Technically, this is a sequel to Saving Francesca, but you can definitely read it as a stand-alone. And it’s so very worth it.

The Rosie Project

by Graeme Simsion
First sentence: “
Support your local independent bookstore: buy it there!
Review copy snagged off the ARC shelves at work.
Content: A ton of f-bombs, a character who has multiple one-night stands (because he wants to have sex with women from every country of the world), a lot of alcohol consumption (granted, all the characters are in their 30s). Thematically, I could see this having older-teen appeal, but it sits in the adult fiction section at the store.

Someone at work — my boss, perhaps — described this to me as a “romantic comedy.” Nothing of substance, really, but generally enjoyable. But because of the way the characters are, I kind of came to think of this as Sheldon gets a makeover.

Don Tillman is a genetics professor at an unspecified university in Melbourne, Australia. He’s got a brilliant mind, but his life revolves around… routines designed for efficiency. He wears Gortex shirts because they work for both regular life and exercise. He has a designated meal plan — lobster every Tuesday, for example — that enables him to both 1) minimize shopping and 2) free his mind to think instead of having to focus on cooking.

Granted, his idiosyncrasies — I liked that even though in the first chapter Don gives a speech to an Aspergers conference, it’s never stated outright that he’s been diagnosed on the autism spectrum — have made it difficult for him to have a relationship. As in: he’s never had one. He’s never had a second date. At age 38, he’s decided that it’s not only his inability to figure out social situations, but also his inability to find someone he’s compatible with.  So, he initiates the Wife Project: a survey designated to weed out unacceptable potential partners.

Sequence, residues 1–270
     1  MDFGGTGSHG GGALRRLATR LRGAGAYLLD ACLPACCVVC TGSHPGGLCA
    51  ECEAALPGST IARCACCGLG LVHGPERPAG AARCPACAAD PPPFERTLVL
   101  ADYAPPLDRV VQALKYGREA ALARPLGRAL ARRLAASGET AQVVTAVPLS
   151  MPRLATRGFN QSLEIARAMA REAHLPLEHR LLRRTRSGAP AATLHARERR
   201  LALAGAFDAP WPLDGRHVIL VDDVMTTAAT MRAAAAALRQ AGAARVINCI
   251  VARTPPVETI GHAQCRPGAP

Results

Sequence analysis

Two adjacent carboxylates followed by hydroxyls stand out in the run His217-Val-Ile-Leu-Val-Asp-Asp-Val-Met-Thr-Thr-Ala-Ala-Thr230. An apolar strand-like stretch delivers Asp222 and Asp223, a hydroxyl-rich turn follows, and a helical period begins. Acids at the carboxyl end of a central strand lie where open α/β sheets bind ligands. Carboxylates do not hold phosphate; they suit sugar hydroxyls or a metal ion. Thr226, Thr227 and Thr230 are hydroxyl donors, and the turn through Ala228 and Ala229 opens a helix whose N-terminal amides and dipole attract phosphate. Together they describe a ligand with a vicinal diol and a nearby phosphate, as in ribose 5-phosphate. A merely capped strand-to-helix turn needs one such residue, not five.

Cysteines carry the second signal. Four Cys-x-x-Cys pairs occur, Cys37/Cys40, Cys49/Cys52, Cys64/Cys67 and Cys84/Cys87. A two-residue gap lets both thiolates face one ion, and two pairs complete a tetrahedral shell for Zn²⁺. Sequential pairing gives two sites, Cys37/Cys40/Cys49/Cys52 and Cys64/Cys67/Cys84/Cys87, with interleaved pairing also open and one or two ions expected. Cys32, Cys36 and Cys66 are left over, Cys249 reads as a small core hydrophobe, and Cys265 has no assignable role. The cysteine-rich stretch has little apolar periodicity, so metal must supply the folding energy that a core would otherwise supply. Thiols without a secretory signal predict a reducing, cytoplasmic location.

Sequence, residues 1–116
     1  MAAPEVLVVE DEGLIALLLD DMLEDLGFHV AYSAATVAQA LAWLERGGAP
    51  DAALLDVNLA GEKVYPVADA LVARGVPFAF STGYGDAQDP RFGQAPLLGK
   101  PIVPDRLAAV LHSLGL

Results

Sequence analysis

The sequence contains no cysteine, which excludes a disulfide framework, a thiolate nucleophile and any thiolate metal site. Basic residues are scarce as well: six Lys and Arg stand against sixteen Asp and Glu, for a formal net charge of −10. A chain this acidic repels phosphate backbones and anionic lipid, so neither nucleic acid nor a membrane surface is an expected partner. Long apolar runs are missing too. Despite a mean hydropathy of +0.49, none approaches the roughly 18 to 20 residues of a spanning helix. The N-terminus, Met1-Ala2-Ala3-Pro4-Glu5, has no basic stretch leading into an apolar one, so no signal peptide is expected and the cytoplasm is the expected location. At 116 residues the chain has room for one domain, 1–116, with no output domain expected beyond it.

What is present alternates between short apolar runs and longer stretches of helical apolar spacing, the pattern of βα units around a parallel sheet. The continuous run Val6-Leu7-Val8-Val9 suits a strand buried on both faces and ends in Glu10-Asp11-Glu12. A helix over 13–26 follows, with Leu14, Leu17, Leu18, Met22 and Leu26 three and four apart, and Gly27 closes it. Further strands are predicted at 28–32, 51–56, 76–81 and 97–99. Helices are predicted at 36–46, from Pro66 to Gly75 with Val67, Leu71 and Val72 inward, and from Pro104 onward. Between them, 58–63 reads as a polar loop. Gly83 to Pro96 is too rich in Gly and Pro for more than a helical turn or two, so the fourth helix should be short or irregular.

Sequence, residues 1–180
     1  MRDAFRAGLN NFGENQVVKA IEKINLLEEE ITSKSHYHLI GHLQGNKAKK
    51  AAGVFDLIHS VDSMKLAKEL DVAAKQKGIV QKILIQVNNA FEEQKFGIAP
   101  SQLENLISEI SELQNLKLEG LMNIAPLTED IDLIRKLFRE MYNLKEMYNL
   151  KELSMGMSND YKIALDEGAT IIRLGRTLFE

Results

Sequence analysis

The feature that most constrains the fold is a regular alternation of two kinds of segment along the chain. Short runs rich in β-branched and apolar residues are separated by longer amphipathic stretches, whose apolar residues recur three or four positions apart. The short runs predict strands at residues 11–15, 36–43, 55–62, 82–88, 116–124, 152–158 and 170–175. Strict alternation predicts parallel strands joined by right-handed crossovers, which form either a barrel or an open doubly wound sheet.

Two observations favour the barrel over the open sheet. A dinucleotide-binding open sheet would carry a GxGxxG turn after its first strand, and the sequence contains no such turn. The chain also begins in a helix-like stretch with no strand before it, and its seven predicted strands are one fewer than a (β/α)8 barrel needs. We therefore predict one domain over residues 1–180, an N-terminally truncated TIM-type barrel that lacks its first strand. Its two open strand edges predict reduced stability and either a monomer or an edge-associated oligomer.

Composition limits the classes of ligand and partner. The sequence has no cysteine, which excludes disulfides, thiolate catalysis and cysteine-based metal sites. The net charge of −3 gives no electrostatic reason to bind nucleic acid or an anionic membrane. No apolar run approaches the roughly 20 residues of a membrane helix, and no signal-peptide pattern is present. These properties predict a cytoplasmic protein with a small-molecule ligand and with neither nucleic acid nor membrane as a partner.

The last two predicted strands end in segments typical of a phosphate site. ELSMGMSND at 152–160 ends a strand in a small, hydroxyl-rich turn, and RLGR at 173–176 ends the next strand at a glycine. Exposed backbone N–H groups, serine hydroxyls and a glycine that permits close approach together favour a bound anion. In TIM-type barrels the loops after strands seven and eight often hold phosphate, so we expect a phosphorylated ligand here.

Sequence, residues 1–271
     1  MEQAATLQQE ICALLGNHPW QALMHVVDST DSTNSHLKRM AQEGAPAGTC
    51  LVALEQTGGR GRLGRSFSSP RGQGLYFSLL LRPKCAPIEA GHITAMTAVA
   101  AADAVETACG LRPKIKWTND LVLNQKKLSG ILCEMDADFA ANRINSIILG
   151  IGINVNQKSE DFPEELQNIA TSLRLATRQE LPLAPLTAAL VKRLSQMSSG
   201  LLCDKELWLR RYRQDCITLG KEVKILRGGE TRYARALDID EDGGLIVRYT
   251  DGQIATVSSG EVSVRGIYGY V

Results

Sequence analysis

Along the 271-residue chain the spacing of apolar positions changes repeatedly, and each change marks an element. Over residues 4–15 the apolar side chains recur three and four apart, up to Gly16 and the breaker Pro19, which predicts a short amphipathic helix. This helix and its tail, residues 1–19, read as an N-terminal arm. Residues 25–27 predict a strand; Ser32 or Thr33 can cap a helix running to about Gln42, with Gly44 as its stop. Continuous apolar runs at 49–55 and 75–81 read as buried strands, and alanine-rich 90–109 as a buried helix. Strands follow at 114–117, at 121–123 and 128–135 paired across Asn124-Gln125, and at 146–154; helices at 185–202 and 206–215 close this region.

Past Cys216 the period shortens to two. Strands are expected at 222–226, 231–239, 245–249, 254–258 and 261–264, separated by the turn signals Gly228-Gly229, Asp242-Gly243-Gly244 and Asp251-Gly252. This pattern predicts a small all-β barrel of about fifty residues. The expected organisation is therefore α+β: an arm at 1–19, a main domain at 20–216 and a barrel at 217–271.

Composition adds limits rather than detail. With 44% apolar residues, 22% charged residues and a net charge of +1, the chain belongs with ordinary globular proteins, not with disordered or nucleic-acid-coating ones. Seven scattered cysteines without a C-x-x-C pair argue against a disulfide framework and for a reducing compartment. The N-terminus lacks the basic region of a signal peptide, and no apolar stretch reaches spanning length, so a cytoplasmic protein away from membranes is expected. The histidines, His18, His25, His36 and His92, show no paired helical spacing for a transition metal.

Then Don’s best friend Gene (who’s a real jerk, on so many levels) sends Rosie in. Don initially thinks Rosie is a candidate for the Wife Project, but it turns out it’s something more. She’s looking for her biological father, and wants Don’s help. Thus begins the Father Project, to which Don happily agrees. And although Rosie is far from “acceptable” as a prospective partner, Don finds that… well… opposites attract.

So, did it live up to the book talk? In some ways, yes. It was a very sweet book. Don was likable in the same way Sheldon is: you like them, but they drive you nuts. For the record: Don is much less abrasive than Sheldon. But since that’s the extent of my experience with Aspergers, I’m not even going to venture to comment on how Simsion treats it. That said: I get the feeling we’re supposed to be laughing at Sheldon, but I never felt like we were supposed to laugh at Don. It felt more inclusive than that.

I was disappointed that it wasn’t snort-milk-out-your-nose funny. There was only one scene — when Don and Rosie take over making cocktails at an event — that made me actually laugh out loud. But I did smile a lot. And I did like the dynamic between Don and Rosie, which offset the fact that Gene is a complete jerk. (And that’s being nice.) And I did think the ending was endearing.

So, yeah: it’s worth your time.